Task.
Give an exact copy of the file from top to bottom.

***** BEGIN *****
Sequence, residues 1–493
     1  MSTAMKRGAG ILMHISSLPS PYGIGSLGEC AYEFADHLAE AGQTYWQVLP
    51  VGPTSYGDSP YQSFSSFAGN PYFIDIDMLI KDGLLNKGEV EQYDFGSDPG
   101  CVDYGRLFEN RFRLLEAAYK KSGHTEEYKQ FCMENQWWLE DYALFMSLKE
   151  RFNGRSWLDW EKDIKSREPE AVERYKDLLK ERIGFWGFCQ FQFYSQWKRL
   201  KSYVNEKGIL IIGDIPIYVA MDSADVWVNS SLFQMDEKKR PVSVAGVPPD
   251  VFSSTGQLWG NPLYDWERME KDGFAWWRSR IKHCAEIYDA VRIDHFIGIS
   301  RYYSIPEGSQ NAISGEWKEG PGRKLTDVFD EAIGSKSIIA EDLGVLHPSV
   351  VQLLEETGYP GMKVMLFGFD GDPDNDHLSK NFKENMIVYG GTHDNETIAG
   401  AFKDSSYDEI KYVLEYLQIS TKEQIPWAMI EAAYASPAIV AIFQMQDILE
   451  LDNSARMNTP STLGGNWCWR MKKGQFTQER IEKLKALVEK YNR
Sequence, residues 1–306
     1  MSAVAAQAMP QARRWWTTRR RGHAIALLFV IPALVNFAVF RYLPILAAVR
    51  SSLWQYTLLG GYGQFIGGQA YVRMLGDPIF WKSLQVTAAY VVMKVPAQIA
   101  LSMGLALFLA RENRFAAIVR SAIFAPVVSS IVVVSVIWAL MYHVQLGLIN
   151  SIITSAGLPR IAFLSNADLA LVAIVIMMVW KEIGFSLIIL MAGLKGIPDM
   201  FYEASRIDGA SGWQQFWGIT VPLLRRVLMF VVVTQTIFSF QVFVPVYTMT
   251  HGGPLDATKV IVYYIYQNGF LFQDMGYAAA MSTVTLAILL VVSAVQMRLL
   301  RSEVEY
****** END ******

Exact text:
Sequence, residues 1–493
     1  MSTAMKRGAG ILMHISSLPS PYGIGSLGEC AYEFADHLAE AGQTYWQVLP
    51  VGPTSYGDSP YQSFSSFAGN PYFIDIDMLI KDGLLNKGEV EQYDFGSDPG
   101  CVDYGRLFEN RFRLLEAAYK KSGHTEEYKQ FCMENQWWLE DYALFMSLKE
   151  RFNGRSWLDW EKDIKSREPE AVERYKDLLK ERIGFWGFCQ FQFYSQWKRL
   201  KSYVNEKGIL IIGDIPIYVA MDSADVWVNS SLFQMDEKKR PVSVAGVPPD
   251  VFSSTGQLWG NPLYDWERME KDGFAWWRSR IKHCAEIYDA VRIDHFIGIS
   301  RYYSIPEGSQ NAISGEWKEG PGRKLTDVFD EAIGSKSIIA EDLGVLHPSV
   351  VQLLEETGYP GMKVMLFGFD GDPDNDHLSK NFKENMIVYG GTHDNETIAG
   401  AFKDSSYDEI KYVLEYLQIS TKEQIPWAMI EAAYASPAIV AIFQMQDILE
   451  LDNSARMNTP STLGGNWCWR MKKGQFTQER IEKLKALVEK YNR
Sequence, residues 1–306
     1  MSAVAAQAMP QARRWWTTRR RGHAIALLFV IPALVNFAVF RYLPILAAVR
    51  SSLWQYTLLG GYGQFIGGQA YVRMLGDPIF WKSLQVTAAY VVMKVPAQIA
   101  LSMGLALFLA RENRFAAIVR SAIFAPVVSS IVVVSVIWAL MYHVQLGLIN
   151  SIITSAGLPR IAFLSNADLA LVAIVIMMVW KEIGFSLIIL MAGLKGIPDM
   201  FYEASRIDGA SGWQQFWGIT VPLLRRVLMF VVVTQTIFSF QVFVPVYTMT
   251  HGGPLDATKV IVYYIYQNGF LFQDMGYAAA MSTVTLAILL VVSAVQMRLL
   301  RSEVEY